We are excited to welcome our community to a party on our beautiful campus this fall! This party is called Trinity Fest. There will be something for everyone, including carnival rides, food trucks, Christian concerts, outside church services, and much more. There will be a ministry tent and an opportunity to encourage people to join us in sponsoring 1,000 kids through CMFI. 

But do ideas like these actually help connect people to Christ?

I met a couple in our lobby over the weekend who were first-time visitors. They shared that their family has been looking for a church for a while and initially came to our campus, because the daughter’s preschool is meeting here on our campus. GCC has been partnering with a local school that did not get their new facility finished in time for the new year, so for the past few weeks this family has become familiar with who we are. This led them to visit our church and attend service.

The parents went on to explain that they had been on the church property one time before. That encounter with our church was the 2017 Trinity Fest event. They never went into The Gathering or attended a service at that time, but they remembered there was a church off of Little Road.

Everyone has a story about what got them into the life of a church body. I do believe that God’s design is to use His people and the structure of the church to reach lost people. Sometimes people have a single encounter that ushers them quickly and somewhat miraculously into the body of Christ. It may be a health crisis or another cataclysmic event that stops them in their tracks and changes the course of their lives forever. However, there can also be the story of many little steps that moves a person from a position of not thinking about God to fully integrating into church life.

The power of the Gospel and the strength of the church are the PEOPLE that are in it! As I stood and shook hands with this husband who seemed to have been along for the ride to church on that Sunday, I understood what was happening. He wasn’t ready to sign up for a weekly men’s group to share his personal shortcomings. Does he need that? Yes, we all do, but his first steps are significant! Jesus meets people where they are.

This fall, as we plan childcare for classes, plan men’s breakfast events, plan an outside stage for five nights of Trinity Fest, and plan the many other events that will take place here at Generations, it is our prayer that God does the miraculous. These are not programs. These are places of holy gatherings where God’s holy priesthood will reflect the beauty of the functioning body of Christ. The Holy Spirit is our builder and He equips us in all things.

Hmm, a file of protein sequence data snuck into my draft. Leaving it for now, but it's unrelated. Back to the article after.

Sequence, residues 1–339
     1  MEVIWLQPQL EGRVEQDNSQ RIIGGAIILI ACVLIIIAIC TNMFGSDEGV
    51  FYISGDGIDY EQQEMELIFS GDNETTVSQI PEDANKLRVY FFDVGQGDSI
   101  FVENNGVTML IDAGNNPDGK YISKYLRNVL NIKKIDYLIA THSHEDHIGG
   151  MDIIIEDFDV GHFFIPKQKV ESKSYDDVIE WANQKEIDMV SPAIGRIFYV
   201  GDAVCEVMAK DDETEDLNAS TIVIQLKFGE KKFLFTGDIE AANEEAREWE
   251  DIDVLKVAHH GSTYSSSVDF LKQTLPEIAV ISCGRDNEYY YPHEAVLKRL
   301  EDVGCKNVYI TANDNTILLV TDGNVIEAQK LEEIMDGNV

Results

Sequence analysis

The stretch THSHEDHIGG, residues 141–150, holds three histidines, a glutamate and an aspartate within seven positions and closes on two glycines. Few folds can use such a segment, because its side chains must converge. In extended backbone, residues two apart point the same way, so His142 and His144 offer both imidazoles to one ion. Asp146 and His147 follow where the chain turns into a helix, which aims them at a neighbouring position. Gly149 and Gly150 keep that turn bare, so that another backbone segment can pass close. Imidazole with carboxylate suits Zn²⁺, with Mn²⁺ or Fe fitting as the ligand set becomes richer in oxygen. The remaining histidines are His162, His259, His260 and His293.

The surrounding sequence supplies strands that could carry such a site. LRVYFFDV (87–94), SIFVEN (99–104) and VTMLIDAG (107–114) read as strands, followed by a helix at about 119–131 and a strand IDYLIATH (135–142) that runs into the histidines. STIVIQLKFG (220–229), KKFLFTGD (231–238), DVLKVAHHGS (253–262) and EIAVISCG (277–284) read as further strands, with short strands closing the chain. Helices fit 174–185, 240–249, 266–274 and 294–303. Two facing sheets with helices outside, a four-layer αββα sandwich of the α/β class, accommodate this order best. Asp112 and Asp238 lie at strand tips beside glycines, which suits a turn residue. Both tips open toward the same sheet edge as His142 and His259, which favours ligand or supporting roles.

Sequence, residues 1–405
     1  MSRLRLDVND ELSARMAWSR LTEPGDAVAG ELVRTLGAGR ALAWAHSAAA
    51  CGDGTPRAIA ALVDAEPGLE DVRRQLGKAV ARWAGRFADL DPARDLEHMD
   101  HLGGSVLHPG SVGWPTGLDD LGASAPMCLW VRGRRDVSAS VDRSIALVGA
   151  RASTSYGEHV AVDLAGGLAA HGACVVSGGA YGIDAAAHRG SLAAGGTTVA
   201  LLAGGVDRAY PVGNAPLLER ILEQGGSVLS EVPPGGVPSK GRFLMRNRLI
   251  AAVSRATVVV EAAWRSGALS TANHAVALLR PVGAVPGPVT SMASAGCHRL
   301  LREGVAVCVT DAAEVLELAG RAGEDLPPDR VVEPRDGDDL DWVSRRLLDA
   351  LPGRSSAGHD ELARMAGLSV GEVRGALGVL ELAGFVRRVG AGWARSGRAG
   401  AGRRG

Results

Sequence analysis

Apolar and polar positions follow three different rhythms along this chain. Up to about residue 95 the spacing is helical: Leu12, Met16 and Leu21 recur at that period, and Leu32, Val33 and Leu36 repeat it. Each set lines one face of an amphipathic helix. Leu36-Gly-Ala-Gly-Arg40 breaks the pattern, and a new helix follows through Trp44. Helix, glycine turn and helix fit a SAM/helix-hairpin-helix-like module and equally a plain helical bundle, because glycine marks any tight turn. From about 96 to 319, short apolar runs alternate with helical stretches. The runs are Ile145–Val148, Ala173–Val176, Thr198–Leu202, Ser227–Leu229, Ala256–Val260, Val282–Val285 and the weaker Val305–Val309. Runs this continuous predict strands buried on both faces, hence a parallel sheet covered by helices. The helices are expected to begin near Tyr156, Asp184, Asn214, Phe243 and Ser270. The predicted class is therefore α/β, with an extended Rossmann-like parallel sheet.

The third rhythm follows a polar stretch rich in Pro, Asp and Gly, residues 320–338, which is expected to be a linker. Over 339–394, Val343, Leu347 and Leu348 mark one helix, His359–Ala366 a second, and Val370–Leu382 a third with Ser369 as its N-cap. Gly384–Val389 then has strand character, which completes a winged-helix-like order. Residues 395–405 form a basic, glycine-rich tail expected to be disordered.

The mission of our church is to connect people to Christ.  The vision is made clear for us in the book of Acts 2:42. May we be a community that is consistently devoted to the teaching of the apostles, fellowship, the breaking of bread, and prayer. 

Attractional methods of evangelism never work in and of themselves. It is the people, whose lives have been radically changed that do the work of attracting lost people to Jesus.



I’ve met with so many of our GCC families who serve in multiple areas within our church, and it’s been an encouragement to me in getting to know the people who commit themselves to the giving of their time and talents. As I have met with people, they have shared stories of dear friends who have left Generations. I, too, know of many families that I met and walked with when I first came to the church, who are no longer here. Listening to our weekend host recently tell the story of good things happening at GCC, I couldn’t help but wonder if some people thought disinformation was given in order to create a better-than-actual narrative.

I think it is important for you to understand the posture of my heart on these matters.

  • Many of the people who have left GCC are fun, loving, serving, and kind brothers/sisters in Christ.
    • Jesus says that unbelievers will always be in the church and He alone will separate them out upon His return (Matthew 25). I am speaking in generalities, because I don’t know every person who has left, but I think it is crucial that you know my heart on the matter. I do not believe that we have lost bad people; rather I think we have lost fellow royal priests (1 Peter 2:9).
  • People matter, so how we let go matters also.
    • We don’t own anyone, as they are not our people. They are His people. He may be specifically calling them to something He needs them to do. Because of this, it is my desire to let go with grace and peace. It matters how obediently each of us walks through the doors God opens in our lives. Romans 12:18 should set the posture of our hearts, “If it is possible, as far as it depends on you, live at peace with everyone.”  I am willing to reach out, listen, and/or meet with anyone who has concerns or hurts. It would be regrettable for anyone to ever leave a church and for that person or family to not be contacted in some way. We are all called to make sure that we let people go with a blessing and Christian love.